An empirical test for Eurozone contagion using an asset-pricing model with heavy-tailed stochastic volatility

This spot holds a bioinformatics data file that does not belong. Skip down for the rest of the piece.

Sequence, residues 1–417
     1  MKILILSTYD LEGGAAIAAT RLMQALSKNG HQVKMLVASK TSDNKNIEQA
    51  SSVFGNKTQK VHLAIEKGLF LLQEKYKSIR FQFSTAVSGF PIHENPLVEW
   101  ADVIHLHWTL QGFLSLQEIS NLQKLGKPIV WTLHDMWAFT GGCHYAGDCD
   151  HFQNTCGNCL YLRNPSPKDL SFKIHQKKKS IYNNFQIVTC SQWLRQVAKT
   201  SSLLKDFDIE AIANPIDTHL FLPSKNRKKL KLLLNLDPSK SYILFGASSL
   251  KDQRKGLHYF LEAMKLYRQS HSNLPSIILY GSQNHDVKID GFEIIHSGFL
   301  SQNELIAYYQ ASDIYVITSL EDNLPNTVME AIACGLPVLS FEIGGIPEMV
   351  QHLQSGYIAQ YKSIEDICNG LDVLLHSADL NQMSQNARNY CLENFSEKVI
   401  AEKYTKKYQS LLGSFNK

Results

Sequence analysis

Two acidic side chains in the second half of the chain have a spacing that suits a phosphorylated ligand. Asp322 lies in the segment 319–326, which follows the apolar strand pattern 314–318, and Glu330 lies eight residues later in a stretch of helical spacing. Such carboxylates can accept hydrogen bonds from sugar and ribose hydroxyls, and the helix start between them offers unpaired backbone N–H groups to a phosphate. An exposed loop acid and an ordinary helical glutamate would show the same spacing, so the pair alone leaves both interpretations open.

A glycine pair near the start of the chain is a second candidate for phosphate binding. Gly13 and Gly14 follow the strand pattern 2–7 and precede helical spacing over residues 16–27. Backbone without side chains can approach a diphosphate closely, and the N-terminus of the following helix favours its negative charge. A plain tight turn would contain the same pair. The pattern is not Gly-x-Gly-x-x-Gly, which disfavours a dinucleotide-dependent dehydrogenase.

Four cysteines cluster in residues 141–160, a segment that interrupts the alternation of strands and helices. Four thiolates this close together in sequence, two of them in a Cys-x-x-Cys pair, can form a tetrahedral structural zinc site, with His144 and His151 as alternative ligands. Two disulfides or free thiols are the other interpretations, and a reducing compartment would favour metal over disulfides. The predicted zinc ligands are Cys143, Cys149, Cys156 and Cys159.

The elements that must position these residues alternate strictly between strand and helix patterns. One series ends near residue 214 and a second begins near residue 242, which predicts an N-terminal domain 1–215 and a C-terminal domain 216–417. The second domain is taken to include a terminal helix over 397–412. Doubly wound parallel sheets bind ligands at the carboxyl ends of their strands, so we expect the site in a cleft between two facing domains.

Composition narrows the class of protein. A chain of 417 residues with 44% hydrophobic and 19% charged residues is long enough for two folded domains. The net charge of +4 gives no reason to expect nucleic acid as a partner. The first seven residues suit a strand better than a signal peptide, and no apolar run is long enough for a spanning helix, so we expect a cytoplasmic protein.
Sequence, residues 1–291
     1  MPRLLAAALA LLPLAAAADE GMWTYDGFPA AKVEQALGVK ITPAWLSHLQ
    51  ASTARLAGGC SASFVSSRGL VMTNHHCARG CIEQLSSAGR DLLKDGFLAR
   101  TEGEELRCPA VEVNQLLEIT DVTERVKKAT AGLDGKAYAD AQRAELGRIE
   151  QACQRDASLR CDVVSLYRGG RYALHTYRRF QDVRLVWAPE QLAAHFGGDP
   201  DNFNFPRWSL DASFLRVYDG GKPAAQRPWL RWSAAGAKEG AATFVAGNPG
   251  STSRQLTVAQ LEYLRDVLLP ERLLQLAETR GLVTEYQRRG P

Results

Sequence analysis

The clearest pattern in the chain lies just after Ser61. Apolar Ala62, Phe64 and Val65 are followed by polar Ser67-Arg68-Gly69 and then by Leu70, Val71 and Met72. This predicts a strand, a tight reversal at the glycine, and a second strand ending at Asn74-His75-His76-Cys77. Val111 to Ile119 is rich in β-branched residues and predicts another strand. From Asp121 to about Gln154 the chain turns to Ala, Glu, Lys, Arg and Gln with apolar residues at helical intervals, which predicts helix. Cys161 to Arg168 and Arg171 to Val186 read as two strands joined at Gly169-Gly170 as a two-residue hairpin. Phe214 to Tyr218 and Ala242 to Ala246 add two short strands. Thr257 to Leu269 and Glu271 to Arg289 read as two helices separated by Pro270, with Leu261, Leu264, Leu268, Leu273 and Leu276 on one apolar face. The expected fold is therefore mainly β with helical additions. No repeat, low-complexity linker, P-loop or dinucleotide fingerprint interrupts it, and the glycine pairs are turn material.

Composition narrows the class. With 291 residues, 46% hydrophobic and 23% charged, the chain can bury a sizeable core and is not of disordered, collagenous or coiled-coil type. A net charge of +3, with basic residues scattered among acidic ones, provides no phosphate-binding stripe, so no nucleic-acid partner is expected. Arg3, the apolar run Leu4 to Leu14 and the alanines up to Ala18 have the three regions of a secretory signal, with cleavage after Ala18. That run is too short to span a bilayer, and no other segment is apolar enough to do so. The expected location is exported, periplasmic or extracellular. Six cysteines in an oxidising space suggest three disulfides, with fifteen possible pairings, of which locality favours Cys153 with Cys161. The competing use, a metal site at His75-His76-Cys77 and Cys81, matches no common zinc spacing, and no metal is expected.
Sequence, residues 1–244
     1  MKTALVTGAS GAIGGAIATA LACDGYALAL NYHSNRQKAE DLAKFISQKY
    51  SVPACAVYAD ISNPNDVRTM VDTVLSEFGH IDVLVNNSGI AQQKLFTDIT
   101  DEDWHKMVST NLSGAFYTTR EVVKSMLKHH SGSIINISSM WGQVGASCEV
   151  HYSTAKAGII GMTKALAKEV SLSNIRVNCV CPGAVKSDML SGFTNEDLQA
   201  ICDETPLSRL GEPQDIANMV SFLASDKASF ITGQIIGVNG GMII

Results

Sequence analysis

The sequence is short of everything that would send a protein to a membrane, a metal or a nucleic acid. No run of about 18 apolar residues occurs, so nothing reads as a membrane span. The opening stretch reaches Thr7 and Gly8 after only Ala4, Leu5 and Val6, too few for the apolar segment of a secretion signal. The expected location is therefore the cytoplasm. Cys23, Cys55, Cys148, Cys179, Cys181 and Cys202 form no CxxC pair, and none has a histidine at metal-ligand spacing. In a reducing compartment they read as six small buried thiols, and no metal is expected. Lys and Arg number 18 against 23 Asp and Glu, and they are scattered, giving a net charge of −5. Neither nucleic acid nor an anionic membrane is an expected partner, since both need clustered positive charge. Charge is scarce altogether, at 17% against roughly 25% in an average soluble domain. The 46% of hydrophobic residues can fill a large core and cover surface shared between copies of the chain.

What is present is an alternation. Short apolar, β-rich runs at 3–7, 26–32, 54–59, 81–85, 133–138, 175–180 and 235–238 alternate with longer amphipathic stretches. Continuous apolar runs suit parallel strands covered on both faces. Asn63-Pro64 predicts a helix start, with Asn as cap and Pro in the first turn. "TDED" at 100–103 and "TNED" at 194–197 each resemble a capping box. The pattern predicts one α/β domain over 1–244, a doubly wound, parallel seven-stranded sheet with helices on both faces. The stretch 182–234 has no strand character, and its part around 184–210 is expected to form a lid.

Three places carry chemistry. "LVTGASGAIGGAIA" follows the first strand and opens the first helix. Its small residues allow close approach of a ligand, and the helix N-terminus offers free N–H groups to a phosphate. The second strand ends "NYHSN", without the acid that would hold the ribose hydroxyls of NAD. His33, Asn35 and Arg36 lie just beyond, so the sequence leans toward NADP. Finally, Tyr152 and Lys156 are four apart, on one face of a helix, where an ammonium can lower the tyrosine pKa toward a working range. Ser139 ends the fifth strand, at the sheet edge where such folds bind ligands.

This paper proposes an empirical test of financial contagion in European equity markets during the tumultuous period of 2008-2011. Our analysis shows that traditional GARCH and Gaussian stochastic-volatility models are unable to explain two key stylized features of global markets during presumptive contagion periods: shocks to aggregate market volatility can be sudden and explosive, and they are associated with specific directional biases in the cross-section of country-level returns. Our model repairs this deficit by assuming that the random shocks to volatility are heavy-tailed and correlated cross-sectionally, both with each other and with returns. The fundamental conclusion of our analysis is that great care is needed in modeling volatility if one wishes to characterize the relationship between volatility and contagion that is predicted by economic theory. In analyzing daily data, we find evidence for significant contagion effects during the major EU crisis periods of May 2010 and August 2011, where contagion is defined as excess correlation in the residuals from a factor model incorporating global and regional market risk factors. Some of this excess correlation can be explained by quantifying the impact of shocks to aggregate volatility in the cross-section of expected returns - but only, it turns out, if one is extremely careful in accounting for the explosive nature of these shocks. We show that global markets have time-varying cross-sectional sensitivities to these shocks, and that high sensitivities strongly predict periods of financial crisis. Moreover, the pattern of temporal changes in correlation structure between volatility and returns is readily interpretable in terms of the major events of the periods in question.
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